The issues on offense have been widespread, yet tied together. First there is QB Mark Sanchez’s lack of growth so far, in this his third season in the NFL. The debate over his alarming lack of progress is over whether Sanchez’s inability to take that next step stems from his own limitations, or a deep lack of trust from the coaching staff. A fear emanating from the sidleines that has now found the way inside of the quarterbacks damaged mental state.

Then there has been the issue of playcalling, and how the Jets are unable to incorporate all of their pieces. A drama that has lead to a clear inability to stretch the field. Last week’s march by the entire wide receiving corps into Rex Ryan’s office, to complain about offensive coordinator Brian Schottenheimer’s system, was a meeting that according to Ryan, actually never happened. More drama.

This supposed pow wow to express unhappiness by those who were brought in to bolster Gang Green’s air attack, was followed by the Jets curious desire to return to the Ground and Pound against the Patriots. Despite the inability over the first four games to have any sort of respectable ground game whatsoever. While Mason sat on the sidelines for all of six plays during the game.

Mason’s departure can and will be viewed in many ways. There will be the belief by some that this was a warning shot for any remaining players who lack trust in the coaches and their overall concepts. Mason will be painted by others as a convenient scapegoat for a season that has more cracks in it than anyone could have imagined back in August. When hopes were high, as new faces replaced loyal soldiers who were sent packing. The most notable element to this all could be that of a failing team chemistry.

Maybe the Jets, beyond any of the underachieving they’ve accomplished between the lines over five games, are now recognizing the imperative need to repair a singleminded belief in one another. One that, in following this theory, has somehow been disturbed by the behavior of Mason. A unity that prior to the recent string of defeats, was NEVER a question under Rex.

If the Jets are correct that trading Mason will provide a new energy, what remains to be seen from this point on, is whether the fresh start will translate into a spike in performance by the offense. Time will tell. One thing is for certain. The Jets brash confidence, invincibility, and sense of entitlement, has wilted amidst the confusion of a shocking three game slide.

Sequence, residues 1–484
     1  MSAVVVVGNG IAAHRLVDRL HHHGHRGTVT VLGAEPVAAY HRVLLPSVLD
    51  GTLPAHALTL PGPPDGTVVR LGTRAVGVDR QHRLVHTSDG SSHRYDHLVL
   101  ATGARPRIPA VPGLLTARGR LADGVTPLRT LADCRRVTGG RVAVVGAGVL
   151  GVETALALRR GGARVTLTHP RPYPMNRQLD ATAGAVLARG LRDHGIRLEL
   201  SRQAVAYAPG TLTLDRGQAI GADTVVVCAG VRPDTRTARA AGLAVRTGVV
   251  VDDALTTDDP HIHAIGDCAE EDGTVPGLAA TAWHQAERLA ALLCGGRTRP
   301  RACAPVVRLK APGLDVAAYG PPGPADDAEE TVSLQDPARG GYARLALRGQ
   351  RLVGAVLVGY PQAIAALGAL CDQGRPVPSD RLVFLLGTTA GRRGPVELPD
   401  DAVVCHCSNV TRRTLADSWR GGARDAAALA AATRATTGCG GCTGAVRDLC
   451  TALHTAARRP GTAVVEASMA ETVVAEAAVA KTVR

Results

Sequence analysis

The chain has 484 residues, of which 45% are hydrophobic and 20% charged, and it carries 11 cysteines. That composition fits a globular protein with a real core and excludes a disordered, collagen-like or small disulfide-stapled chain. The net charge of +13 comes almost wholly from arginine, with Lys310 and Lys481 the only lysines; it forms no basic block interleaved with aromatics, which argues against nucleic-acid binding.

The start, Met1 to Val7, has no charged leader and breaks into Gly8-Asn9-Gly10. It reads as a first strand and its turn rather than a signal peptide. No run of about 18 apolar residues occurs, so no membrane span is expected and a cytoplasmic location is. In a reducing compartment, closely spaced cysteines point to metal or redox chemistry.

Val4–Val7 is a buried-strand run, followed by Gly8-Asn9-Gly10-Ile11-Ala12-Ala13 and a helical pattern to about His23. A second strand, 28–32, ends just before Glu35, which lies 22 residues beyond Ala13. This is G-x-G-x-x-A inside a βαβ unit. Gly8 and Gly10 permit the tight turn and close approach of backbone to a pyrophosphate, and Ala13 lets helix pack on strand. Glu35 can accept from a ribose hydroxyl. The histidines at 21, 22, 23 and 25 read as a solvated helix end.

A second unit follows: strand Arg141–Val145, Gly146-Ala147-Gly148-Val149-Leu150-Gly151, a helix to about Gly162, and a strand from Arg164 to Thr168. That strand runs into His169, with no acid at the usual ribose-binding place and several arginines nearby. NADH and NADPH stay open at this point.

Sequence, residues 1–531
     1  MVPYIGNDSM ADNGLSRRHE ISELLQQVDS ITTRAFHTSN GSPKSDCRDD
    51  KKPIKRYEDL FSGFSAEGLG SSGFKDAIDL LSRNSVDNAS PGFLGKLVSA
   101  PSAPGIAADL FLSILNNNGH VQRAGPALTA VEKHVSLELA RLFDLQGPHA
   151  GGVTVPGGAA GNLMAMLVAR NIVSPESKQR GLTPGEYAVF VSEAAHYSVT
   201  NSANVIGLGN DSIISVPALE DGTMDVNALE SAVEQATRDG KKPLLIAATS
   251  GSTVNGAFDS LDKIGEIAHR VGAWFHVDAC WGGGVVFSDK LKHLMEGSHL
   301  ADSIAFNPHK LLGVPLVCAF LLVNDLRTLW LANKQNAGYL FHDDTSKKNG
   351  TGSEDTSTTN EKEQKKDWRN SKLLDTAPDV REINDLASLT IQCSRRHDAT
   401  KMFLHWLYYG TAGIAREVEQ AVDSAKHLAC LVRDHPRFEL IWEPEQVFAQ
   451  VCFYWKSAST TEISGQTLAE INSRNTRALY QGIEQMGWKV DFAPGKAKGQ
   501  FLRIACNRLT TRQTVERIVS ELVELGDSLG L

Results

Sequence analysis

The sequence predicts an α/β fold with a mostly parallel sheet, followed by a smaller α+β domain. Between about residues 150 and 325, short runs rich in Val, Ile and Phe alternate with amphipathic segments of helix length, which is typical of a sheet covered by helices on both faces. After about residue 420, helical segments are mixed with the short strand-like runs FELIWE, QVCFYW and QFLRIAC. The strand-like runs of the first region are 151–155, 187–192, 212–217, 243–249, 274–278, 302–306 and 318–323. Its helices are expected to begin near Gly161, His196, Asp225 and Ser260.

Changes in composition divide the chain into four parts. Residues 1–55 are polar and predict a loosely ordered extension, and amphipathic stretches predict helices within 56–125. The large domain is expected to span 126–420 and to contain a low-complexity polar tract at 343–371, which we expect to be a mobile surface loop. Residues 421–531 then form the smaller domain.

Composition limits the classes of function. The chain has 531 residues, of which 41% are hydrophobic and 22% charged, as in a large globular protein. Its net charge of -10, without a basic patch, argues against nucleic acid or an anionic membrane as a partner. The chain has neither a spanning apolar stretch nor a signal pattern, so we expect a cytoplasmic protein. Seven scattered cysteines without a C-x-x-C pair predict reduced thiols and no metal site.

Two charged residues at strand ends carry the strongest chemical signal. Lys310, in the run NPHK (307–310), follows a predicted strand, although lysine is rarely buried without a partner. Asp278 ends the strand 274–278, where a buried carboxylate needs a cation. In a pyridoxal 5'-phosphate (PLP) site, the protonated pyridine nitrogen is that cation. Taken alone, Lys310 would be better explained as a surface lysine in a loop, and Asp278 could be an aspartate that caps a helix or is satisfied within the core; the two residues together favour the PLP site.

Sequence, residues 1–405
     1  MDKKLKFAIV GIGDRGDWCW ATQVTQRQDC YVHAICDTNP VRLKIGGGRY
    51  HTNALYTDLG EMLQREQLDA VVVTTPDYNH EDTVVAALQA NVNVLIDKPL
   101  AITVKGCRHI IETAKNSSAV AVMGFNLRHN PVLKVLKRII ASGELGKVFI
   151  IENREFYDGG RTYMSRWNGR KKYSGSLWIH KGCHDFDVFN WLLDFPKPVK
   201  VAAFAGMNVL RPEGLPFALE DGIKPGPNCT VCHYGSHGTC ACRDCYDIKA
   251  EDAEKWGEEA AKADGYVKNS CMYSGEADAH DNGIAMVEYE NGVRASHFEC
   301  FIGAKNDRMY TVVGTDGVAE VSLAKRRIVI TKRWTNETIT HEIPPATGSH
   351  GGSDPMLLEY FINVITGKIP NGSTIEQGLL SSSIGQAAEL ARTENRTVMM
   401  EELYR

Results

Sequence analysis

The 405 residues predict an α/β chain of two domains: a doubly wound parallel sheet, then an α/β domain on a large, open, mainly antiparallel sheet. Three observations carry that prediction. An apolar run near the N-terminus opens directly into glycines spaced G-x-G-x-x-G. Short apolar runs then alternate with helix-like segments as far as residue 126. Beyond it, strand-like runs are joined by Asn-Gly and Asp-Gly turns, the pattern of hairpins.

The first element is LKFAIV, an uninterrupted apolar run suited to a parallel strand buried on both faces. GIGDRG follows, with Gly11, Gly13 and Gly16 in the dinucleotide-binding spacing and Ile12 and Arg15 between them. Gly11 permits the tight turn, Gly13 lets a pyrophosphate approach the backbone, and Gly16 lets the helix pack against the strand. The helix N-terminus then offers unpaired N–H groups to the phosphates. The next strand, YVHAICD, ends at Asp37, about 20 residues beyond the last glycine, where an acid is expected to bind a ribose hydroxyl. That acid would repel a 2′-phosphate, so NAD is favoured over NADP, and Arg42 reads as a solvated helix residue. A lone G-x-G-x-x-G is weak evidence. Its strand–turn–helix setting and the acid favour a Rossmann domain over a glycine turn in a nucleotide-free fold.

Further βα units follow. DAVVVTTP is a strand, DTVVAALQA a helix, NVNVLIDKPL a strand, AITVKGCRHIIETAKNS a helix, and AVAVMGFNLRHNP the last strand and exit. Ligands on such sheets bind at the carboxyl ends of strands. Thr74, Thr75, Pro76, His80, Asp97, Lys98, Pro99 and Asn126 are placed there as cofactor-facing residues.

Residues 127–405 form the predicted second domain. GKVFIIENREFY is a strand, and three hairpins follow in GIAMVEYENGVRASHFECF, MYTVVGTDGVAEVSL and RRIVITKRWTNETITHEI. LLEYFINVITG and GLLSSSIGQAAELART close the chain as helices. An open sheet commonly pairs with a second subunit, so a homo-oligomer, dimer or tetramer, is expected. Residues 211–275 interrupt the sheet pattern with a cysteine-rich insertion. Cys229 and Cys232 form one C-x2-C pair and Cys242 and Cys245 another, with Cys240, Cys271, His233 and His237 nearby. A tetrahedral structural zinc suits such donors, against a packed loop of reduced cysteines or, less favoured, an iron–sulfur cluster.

The Jets have now made what they hope will be the first proactive step towards initiating a new starting point. A rebirth for a season whose wings were clipped miles away from home. Beginning in Oakland in week three. Where the Jets lost not only a game, but misplaced the essence of a collective pulse that Ryan helped to build singlehandedly. Brick by brick, from the ground up.

New York Jets: Jeremy Kerley Ready To Take Off?

The most obvious beneficiary of the decision to trade Derrick Mason is rookie receiver Jeremy Kerley. In his first extended action last week, Kerley finished with 3 receptions for 35 yards and a touchdown, making more of an impact than Mason already had all season which accelerated the decision to trade him.

Kerley was probably the most hyped Jets player throughout training camp as he repeatedly made big plays in every practice. He had a somewhat quiet pre-season and didn’t do much until the Raiders game when he ripped off a big punt return. Last week was the first time he really had a chance at receiver and he showed the big play ability the coaching staff was raving about all summer.

The decision to move Mason is a smart one in that it will give Kerley the chance to grow into the slot receiver role that he appears ready to take over. He has the short area quickness required for the position but also has the speed that Mason lacked to push up the seam. The more Kerley is involved in the regular offensive packages, the more the Jets will likely expand his use in the Wildcat, which will help diversify their attack.

Kerley doesn’t have the pressure of becoming one of the unit’s top options with Santonio Holmes and Plaxico Burress also at receiver. Yet, he should be a complimentary weapon who gradually takes on a bigger role. Hopefully the coaching staff will also begin to expand the role of running back Joe McKnight by incorporating him in the screen game and giving him more outside handoffs, which coupled with Kerley’s greater use will provide a needed shot of speed to the offense.